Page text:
Cassius) was a two-wheeled carriage with an arched covering [CAMARA
]. The use of it is
mentioned in very early times at Rome, but only by privileged persons, at
least within the walls. The currus arcuatus
assigned by Numa to the Flamines (Liv. 1.21
no doubt the same as the carpentum which was the travelling carriage of the
elder Tarquin while still a private person (id. 34), and in which Tullia
drove through the streets (id. 48). In its original form it must have been
simply a covered cart, thus distinguished from the plaustrum
or open cart.
The use of carriages in the city was entirely forbidden during the whole of
the republic and for the first two centuries of the empire (Marquardt,
7.706; Friedländer, Sitteng.
60 ff). The permission granted to L. Metellus, the Pontifex Maximus, who
lost his sight B.C. 241, while rescuing the Palladium from the conflagration
of the temple of Vesta, is mentioned by Pliny as absolutely unique (
“tribuit ei populus Romanus, quod nulli alii ab condito aevo, ut,
quotiens in senatum iret, curru veheretur ad curiam. Magnum et sublime,
sed pro oculis datum,”
7.141). It was, therefore, a considerable privilege
when Roman ladies (matronae
), as a reward for
their patriotic generosity at the time of the fall of Veil, were allowed to
drive in the pilentum (or four-wheeled carriage) at the games and public
festivals, and in the carpentum on all occasions (festo
; cf. Isid. Orig.
This privilege seems to have been abridged by the Lex Oppia of B.C. 215
]; and though that law was repealed twenty years afterwards, the
prohibition remained in full force. It applied to all Italian towns, and was
no doubt occasioned by the narrowness of ancient streets; but it was often
disregarded and had to be re-enacted from time to time. The Lex Julia
Municipalis, B.C. 45, forbad the use even of carts and waggons within the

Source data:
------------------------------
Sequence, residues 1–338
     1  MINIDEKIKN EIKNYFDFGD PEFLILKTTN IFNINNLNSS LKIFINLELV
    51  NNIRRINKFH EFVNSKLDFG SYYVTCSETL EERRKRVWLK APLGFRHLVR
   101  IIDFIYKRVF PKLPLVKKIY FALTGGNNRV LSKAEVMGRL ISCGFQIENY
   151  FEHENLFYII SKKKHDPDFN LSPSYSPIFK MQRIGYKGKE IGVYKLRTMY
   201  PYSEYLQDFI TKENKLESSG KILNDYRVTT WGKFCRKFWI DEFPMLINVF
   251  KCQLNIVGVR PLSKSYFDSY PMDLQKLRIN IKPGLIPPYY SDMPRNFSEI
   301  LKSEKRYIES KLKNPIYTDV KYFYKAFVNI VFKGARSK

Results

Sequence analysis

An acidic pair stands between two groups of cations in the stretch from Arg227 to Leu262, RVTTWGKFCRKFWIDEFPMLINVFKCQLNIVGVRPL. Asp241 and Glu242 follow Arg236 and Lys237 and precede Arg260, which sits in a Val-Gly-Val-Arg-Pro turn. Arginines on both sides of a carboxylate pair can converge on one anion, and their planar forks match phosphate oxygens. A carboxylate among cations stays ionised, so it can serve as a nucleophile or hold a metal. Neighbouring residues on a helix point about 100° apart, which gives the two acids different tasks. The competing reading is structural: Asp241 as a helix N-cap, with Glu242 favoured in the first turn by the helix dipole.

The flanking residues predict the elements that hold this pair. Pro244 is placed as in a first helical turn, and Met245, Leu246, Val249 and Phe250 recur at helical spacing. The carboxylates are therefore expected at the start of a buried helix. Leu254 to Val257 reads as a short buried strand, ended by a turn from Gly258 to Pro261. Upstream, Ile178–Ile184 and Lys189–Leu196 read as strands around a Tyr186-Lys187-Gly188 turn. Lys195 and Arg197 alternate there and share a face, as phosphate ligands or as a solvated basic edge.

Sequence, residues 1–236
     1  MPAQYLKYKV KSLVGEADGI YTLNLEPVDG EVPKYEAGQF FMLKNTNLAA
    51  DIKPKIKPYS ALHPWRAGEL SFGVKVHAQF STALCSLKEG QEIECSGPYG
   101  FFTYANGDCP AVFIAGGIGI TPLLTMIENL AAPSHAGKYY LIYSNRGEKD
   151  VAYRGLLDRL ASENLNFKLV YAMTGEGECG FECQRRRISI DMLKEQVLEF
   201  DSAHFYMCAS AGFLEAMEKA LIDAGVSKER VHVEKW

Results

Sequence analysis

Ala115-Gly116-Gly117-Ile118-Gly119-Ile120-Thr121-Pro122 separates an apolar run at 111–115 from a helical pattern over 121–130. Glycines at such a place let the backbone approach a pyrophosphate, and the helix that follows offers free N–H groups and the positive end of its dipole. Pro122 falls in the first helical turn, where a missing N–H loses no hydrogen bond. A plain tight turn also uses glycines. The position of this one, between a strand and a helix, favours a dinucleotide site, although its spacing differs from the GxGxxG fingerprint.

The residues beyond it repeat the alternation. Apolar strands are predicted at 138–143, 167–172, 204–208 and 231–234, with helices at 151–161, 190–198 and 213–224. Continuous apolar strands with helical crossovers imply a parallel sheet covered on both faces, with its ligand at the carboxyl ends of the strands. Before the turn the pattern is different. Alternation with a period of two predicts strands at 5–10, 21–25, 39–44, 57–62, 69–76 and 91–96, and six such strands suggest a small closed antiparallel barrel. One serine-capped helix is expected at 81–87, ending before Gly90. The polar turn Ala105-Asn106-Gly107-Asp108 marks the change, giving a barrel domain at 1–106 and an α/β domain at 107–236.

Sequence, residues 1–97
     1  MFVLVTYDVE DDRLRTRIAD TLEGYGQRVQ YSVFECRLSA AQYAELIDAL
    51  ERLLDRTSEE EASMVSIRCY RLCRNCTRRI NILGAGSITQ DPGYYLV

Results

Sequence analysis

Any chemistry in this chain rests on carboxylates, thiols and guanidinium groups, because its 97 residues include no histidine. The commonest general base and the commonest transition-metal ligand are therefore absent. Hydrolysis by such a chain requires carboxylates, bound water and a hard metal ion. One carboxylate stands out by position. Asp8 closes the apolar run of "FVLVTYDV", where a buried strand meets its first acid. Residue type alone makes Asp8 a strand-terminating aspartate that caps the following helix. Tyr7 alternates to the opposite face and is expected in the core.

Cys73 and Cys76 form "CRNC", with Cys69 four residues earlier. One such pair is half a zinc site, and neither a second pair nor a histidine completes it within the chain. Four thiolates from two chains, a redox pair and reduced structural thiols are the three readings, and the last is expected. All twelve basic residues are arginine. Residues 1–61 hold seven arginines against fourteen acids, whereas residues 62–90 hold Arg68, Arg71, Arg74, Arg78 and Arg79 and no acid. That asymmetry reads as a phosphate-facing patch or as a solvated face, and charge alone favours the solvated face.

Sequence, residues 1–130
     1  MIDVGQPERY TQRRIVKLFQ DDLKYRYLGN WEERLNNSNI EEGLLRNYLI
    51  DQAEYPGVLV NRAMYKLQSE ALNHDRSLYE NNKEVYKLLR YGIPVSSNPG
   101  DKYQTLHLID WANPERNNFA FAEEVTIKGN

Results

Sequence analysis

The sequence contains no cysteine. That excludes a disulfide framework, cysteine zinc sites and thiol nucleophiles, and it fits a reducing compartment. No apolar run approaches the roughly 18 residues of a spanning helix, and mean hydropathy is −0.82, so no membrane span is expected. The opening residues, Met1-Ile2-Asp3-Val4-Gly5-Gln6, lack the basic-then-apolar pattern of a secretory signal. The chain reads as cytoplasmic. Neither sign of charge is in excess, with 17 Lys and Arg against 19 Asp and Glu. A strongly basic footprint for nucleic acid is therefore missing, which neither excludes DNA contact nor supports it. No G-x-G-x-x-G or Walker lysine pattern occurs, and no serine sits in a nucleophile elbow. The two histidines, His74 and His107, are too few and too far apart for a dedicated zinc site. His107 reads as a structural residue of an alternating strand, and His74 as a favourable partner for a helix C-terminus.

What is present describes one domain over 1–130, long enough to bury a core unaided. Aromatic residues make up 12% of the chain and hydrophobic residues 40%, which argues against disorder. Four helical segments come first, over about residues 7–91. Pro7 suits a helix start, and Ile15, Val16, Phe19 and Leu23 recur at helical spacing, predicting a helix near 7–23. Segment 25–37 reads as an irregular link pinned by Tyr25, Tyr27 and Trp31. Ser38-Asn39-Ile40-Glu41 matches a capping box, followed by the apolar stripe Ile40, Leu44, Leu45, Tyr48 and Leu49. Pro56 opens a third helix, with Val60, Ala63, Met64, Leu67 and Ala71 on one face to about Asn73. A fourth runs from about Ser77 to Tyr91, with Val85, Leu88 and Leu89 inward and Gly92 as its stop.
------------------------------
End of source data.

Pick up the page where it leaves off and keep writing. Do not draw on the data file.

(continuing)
walls and for a mile beyond them, except at night (C. L. L.
1.206). The privileges of the Vestals, rex
reserved under this law: and those employed in the construction or
demolition of buildings by public contract are excepted under certain
restrictions (certeis hominibus, certeis de causeis,
ib.). In other towns the law was found less easy to enforce, as we see by
repeated imperial edicts (Suet. Cl. 25
22; Capitolin. M. Ant. Phil.
Even empresses like Messalina and Agrippina the mother of Nero only used the
carpentum in the city by special vote of the senate (D. C. 60.22
; Tac. Ann. 12.42
). In the reign of Septimius
Severus the use of state carriages was conceded to high officials, such as
the praefectus praetorio,
and their legati. Alexander Severus extended the privilege to all senators.
It was only in the fourth century that all restrictions on driving within
the city were removed. In the country it had always been free.
Carpentum. (From a medal of Caligula.)
The carpentum of later times was a luxurious and richly ornamented carriage,
used for travelling purposes and also for state occasions (Juv. 8.147
; 9.132). We read of silken curtains
(or cushions?), serica carpenta
(Propert. 5.8, 23). It was commonly drawn by a
pair of mules (carpentum mulare,
4); more rarely by oxen or horses, and sometimes
by four horses as a quadriga. The form of this carriage is seen on the
preceding medal. When Caligula instituted games and other solemnities in
honour of his deceased mother the elder Agrippina, her carpentum went in the
procession (Suet. Cal. 15
); and medals, still
extant, commemorated the event. Agrippina's carriage, as represented above,
shows painting or carving on the panels, and the head is supported by
Caryatides at the four corners.
The carriage represented in the following cut is probably also a carpentum.
It is from an alto-rilievo which once adorned a sarcophagus, and is now in
the British Museum. Instead of the arched camara
of the last example, it has a sloping roof of low pitch,
and is drawn by
Carpentum. (From a relief in the British Museum.)
four horses. Like the former, it is undoubtedly a funeral car.
Mercury, in his character of ψυχοπομπὸς
conductor of souls, appears in the front, and Castor and Pollux with their
horses on the side panel.
Carpenta, or covered carts, were much used by the Britons, the Gauls, the
Cimbri, the Allobroges, and other northern nations (Florus, 1.18
, and 10). These, together with the carts of the
more common form, including baggage-waggons, appear to have been
comprehended under the term carrus
which is the Celtic name with a Latin
termination. The Gauls and Helvetii took a great multitude of them on their
military expeditions; and, when they were encamped, arranged them in close
order, so as to form lines of circumvallation (Caes. Gal. 1.24